For drinks, at the reception we had an Italian fizz (brought back from Italy by Tom’s dad), Aperol spritz, a variety of local beers, and some beers from further afield that we took a liking to on our holidays. For the meal, we settled on a Sauvignon Blanc from New Zealand and a Montepulciano from Italy.
In the evening we had a gin bar, run by Woodthorpe Hall – Dick and Sue’s son impressed our guests with their in-depth knowledge of every gin! It was a really lovely surprise for us (and our guests) – we have kept the tasting notes so that we can re-create the drinks. We also supplied the usual drinks for the evening bar, and Woodthorpe Hall provided a barrel of their home-brewed cider.
In terms of entertainment, one of our best friends, Gareth, sang The Prayer during the church ceremony. This was a huge highlight for us, the song is beautiful – it was quite an emotional few minutes, and one we hope to never forget. We then had a Caribbean steel band at the drinks reception who were incredible – they brought the sunshine and blue skies with them and created such a wonderful atmosphere.
In the evening we had a DJ – Paul of Spirits High, followed by a silent disco which went on until the early hours of Sunday morning – our guests loved it. I would highly recommend it to anyone toying with the idea or considering a venue with an early music cut-off!
We hired glamping tents so our guests could stay overnight. The venue also set up a campfire for us in the camping field, which was a perfect way to end the day. On the Sunday morning my dad and uncle Steve cooked bacon and sausage sandwiches on the barbecues for everyone.
A memorable part of the day for us was the Woodthorpe trolley fire – when it dropped dark, Dick and Sue got a fire going in a shopping trolley, it is a tradition for the venue, and really was a talking point for the guests!
One of my best friends supplied glow bands for the evening which were so much fun – seeing family and friends of all ages with glow band halos and necklaces was a very memorable sight.
I would recommend the venue in a heartbeat! At times it felt quite daunting to have to source each part of the wedding separately and to get to grips with how it would all come together, but Dick and Sue at Woodthorpe Hall really helped with the whole process.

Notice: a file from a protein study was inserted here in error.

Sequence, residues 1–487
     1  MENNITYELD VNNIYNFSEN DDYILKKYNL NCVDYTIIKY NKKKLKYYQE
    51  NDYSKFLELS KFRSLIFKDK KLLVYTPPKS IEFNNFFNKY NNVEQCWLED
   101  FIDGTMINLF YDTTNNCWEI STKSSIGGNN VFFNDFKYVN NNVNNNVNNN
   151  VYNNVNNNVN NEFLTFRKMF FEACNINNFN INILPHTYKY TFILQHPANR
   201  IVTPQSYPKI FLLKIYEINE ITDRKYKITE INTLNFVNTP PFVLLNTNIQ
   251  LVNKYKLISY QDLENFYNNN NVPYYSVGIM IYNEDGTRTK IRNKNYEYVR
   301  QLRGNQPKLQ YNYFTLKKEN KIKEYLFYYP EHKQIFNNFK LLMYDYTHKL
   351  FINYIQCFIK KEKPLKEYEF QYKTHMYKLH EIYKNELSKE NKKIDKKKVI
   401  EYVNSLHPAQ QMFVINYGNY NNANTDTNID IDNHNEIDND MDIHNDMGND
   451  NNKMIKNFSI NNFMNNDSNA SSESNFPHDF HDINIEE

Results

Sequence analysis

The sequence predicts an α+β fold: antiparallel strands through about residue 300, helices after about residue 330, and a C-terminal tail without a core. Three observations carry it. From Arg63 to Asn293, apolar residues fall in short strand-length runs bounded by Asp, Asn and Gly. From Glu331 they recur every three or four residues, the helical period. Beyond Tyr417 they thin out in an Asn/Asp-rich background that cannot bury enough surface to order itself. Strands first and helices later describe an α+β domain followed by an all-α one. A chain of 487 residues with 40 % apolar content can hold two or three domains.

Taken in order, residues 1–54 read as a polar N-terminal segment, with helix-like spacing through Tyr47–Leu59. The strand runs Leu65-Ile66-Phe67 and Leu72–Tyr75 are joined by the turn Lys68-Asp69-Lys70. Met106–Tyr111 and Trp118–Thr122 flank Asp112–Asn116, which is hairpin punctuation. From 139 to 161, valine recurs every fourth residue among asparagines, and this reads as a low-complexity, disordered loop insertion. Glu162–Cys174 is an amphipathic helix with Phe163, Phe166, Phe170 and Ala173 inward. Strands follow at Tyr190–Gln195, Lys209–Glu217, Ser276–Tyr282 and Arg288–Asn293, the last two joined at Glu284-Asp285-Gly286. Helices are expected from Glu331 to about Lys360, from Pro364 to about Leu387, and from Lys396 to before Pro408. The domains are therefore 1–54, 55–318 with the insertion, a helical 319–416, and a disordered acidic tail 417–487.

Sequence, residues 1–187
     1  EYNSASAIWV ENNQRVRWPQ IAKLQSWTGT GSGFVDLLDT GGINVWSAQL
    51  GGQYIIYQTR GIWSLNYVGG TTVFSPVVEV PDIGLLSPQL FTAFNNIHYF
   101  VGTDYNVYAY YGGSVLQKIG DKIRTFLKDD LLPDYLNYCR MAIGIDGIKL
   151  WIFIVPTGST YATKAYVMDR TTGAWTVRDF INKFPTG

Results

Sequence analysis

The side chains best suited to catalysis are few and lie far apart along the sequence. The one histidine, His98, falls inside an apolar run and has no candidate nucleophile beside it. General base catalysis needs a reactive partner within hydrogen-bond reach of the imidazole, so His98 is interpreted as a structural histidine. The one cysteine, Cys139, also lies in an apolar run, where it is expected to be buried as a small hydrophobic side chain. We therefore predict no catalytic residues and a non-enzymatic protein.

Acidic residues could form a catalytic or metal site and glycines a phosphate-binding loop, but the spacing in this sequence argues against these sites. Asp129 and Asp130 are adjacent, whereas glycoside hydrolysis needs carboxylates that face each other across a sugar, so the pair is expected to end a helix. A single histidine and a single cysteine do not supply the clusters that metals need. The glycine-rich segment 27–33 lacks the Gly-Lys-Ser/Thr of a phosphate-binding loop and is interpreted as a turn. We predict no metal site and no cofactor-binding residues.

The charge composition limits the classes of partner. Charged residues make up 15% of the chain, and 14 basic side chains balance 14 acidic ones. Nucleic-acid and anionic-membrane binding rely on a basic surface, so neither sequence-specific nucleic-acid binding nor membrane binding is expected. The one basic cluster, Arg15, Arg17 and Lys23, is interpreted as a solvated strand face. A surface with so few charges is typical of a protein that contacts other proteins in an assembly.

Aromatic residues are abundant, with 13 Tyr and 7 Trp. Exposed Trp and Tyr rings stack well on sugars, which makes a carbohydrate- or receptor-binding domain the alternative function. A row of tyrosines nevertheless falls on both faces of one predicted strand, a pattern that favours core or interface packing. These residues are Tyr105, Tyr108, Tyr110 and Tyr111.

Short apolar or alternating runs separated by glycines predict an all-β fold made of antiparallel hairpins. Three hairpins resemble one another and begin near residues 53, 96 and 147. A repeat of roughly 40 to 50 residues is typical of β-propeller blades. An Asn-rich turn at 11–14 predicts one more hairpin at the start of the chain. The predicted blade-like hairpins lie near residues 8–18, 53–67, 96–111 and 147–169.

It is really difficult to pick our favourite part – we loved every minute of the day. If we were pushed, we’d probably say the ceremony and the drinks reception. Our vicar, Jude, led a beautiful and personalised service, one of Tom’s best men led the prayers, we had a few readings which were read so well, and as mentioned earlier one of our best friends stunned us all with his amazing and powerful version of the The Prayer. To then be able to completely relax during the drinks reception with all of our friends and family in the sunshine, to the sound of the steel band was unforgettable for us.
After the wedding we went to Singapore to watch the Grand Prix – Tom has wanted to go to that race for ages and the timing of it seemed too perfect to not go! Somehow, my mum managed to get us into the garage with Williams – this really was a once in a lifetime experience! The original idea was to go away in January (to give us time to save after the wedding), so we stuck that plan out and headed off to Alaska in January to go dog sledding – it was an incredible trip and we would recommend it to anyone who doesn’t mind a bit of cold weather (down to -40) in a heartbeat!
We have three top tips for other Brides Up North. Try and take a few moments throughout the day to take in what is going on – it goes by so quickly but this definitely helped to stop it from being a blur when we look back on the best day of our lives! Don’t worry about the weather – you can’t control it so try not to waste time stressing about it. Think about how to keep the day interesting and enjoyable for your guests. For us, we knew that if we could see our family and friends enjoying themselves then this would make the day even more perfect!
In the run up to the wedding, I spent a lot of time looking at the ‘real weddings’ section on Brides Up North – it was so helpful to get tips from other brides and to get a feel for the types of things that we wanted to incorporate into our wedding day.
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Former lawyer and bride to be Julia founded Brides Up North in 2010 with a chip on her shoulder. Frustrated by the poor Northern presence in glossy bridal magazines and online, she decided to do something about it herself. Astounded by the rapid growth of her blog and brand, Julia now manages Brides Up North’s online content alongside their busy wedding exhibition season, industry events and related commissions. And she’s always, always, got a new project on the go…